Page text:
Rancho Los Vergeles

From Wikipedia, the free encyclopedia
Jump to: navigation, search

Rancho Los Vergeles was a 8,760-acre (35.5 km2) Mexican land grant in present day Monterey County and San Benito County, California given in 1835 by Governor José Castro to José Joaquín Gómez.[1] The name means "flower garden". Rancho La Natividad and Rancho Los Vergeles were adjoining ranchos, north of present day Salinas. The rancho headquarters of each were close to the entrance to the pass through the Gabilan Range to San Juan Bautista.[2]

History[edit]

José Joaquín Gómez came to California from Mexico in 1830. He was regidor at Monterey in 1834–1835. In 1835 he was commissioned to secularize Mission San Carlos Borromeo de Carmelo, and was the grantee of the two square league Rancho Los Vergeles.[3] José Eusebio Boronda, grantee of Rancho Rincon de Sanjon, served as Mayordomo. It was at Gómez rancho in 1846, that American consul, Thomas O. Larkin, was taken prisoner by the Californios during the Mexican–American War. To clear debts, Gómez sold Rancho Los Vergeles to James Stokes in 1848.[4]

James (Santiago) Stokes (–1864), an English seaman, came to California in 1840. He was a doctor, druggist, and mayor of Monterey. In 1844, he married the widow, Maria Josefa Soto De Cano (1810–1855), who was the grantee of Rancho Capay. The Stokes lived in Monterey.[5]

With the cession of California to the United States following the Mexican-American War, the 1848 Treaty of Guadalupe Hidalgo provided that the land grants would be honored. As required by the Land Act of 1851, a claim for Rancho Los Vergeles was filed with the Public Land Commission in 1852,[6] and the grant was patented to James Stokes in 1875.[7]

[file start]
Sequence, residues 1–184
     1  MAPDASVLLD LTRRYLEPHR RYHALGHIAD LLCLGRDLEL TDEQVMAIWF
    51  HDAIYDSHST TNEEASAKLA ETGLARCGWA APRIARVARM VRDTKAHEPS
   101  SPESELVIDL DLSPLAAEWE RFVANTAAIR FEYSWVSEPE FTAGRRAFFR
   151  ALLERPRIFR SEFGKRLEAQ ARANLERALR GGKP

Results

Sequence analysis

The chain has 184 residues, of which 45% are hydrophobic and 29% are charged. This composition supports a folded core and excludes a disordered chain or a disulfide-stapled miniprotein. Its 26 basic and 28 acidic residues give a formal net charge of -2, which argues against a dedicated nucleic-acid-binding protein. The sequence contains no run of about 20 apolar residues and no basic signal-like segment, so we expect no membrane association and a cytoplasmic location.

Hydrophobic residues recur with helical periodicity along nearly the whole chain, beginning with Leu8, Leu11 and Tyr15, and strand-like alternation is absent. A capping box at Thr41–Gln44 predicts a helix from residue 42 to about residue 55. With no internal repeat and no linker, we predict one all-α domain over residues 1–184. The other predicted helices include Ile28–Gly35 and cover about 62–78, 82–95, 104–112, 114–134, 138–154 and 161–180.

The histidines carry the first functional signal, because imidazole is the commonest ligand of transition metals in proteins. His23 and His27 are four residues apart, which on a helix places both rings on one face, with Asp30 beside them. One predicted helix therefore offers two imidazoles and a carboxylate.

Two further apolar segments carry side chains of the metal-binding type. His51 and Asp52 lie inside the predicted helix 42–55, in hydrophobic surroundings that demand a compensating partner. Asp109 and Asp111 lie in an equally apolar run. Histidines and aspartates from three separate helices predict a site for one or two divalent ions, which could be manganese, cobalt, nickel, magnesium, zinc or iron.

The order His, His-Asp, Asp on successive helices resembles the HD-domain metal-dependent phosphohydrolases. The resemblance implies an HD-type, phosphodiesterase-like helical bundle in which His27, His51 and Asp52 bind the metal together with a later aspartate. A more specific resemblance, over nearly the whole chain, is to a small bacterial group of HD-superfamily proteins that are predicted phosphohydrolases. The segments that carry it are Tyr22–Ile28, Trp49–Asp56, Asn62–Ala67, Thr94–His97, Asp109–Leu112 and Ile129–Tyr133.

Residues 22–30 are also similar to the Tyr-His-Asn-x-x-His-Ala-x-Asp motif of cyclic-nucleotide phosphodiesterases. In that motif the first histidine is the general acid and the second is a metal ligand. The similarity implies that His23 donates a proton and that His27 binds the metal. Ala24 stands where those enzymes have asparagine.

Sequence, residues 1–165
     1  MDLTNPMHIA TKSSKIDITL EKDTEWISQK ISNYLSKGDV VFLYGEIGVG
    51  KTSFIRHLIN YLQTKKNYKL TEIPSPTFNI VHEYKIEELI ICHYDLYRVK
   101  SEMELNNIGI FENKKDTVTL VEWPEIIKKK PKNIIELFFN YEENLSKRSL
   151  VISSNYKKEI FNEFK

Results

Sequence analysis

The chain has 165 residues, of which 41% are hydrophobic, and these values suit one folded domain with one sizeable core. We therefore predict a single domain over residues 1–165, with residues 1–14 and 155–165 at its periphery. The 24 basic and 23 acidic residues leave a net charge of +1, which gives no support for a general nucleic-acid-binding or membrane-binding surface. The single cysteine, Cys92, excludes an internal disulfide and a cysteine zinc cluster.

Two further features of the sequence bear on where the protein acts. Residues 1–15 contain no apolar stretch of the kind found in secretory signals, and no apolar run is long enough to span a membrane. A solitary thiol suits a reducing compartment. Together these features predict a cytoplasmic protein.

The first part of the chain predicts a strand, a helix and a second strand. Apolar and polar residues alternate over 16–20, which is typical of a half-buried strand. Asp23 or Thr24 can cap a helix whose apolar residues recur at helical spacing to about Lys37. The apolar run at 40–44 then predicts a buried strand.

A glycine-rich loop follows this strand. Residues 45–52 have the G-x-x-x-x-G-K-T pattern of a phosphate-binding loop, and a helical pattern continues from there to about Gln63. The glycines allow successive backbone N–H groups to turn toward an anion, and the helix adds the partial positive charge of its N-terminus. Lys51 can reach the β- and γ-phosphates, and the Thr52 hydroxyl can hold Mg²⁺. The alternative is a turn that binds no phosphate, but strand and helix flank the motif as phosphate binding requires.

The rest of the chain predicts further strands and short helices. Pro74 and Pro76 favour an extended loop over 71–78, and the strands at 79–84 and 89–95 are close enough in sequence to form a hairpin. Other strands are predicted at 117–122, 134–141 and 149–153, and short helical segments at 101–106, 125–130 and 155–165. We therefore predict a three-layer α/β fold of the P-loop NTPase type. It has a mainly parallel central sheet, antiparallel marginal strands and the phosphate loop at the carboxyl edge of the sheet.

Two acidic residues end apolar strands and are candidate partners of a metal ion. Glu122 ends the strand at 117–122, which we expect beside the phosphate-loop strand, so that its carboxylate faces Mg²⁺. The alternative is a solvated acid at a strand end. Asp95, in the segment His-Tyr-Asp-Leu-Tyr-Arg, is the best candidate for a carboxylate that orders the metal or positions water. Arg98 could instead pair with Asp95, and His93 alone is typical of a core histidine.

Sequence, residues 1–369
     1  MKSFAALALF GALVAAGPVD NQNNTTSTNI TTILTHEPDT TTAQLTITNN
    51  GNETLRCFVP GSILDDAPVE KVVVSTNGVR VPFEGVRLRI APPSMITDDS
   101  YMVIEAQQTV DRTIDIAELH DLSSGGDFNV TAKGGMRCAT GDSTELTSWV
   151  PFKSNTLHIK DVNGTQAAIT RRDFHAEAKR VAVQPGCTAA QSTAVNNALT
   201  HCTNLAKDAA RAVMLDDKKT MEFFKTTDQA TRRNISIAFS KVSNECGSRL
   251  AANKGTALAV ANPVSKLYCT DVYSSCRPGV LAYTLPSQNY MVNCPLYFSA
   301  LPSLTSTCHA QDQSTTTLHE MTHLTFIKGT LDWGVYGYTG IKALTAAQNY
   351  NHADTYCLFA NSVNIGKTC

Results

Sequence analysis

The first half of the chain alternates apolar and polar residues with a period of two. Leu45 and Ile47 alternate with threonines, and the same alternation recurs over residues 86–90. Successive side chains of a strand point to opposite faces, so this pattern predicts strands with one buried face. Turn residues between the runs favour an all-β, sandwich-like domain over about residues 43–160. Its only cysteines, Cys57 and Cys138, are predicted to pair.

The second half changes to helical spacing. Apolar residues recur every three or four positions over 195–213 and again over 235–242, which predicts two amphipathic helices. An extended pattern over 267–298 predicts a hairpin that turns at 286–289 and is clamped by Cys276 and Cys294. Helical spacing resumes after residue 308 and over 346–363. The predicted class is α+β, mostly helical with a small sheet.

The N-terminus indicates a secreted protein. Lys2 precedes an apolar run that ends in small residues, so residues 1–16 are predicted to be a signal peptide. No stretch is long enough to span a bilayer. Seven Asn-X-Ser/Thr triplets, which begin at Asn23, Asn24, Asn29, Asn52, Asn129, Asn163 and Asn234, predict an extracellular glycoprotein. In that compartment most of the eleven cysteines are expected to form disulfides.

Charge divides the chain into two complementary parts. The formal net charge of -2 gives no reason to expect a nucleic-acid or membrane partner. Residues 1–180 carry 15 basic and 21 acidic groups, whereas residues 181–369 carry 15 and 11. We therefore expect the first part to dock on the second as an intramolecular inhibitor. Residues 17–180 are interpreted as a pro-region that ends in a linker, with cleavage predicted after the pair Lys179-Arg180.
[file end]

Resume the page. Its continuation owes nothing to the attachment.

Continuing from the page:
Maria Josefa Soto de Stokes died in Monterey in 1855 leaving as her heirs, her husband and children. In 1858, James Stokes married Arabella Clark (1838–), and gave her title to Rancho Los Vergeles. It was a disastrous second marriage, and Stokes took his own life in 1864.[8] In his will, Stokes appointed Frederick Sherwood, who had married his daughter Catherine, and George H. Winterburn, who had married his daughter Josephine, executors of his estate. The executors took possession of Rancho Los Vergeles, and ousted the widow Arabella.[9]

See also[edit]

References[edit]

  1. ^ Ogden Hoffman, 1862, Reports of Land Cases Determined in the United States District Court for the Northern District of California, Numa Hubert, San Francisco
  2. ^ Diseño del Rancho Los Vergeles
  3. ^ Marjorie Pierce,1981, East of the Gabilans, Western Tanager Press, ISBN 978-0-934136-11-2
  4. ^ Hoover, Mildred B.; Hero & Ethel Rensch, and William N. Abeloe (1966). Historic Spots in California. Stanford University Press. ISBN 978-0-8047-4482-9. 
  5. ^ The History of Stokes Adobe
  6. ^ United States. District Court (California : Southern District) Land Case 111 SD
  7. ^ Report of the Surveyor General 1844 - 1886
  8. ^ "Suicide Mania". Stockton Daily Independent,Stockton, CA. 1864-09-30. 
  9. ^ Miles Hills v. Frederick Sherwood, 1874, Reports of cases determined in the Supreme Court of the State of California, Volume 48, pp.386-394, Bancroft-Whitney Company


Coordinates: 36°48′00″N 121°34′48″W / 36.800°N 121.580°W / 36.800; -121.580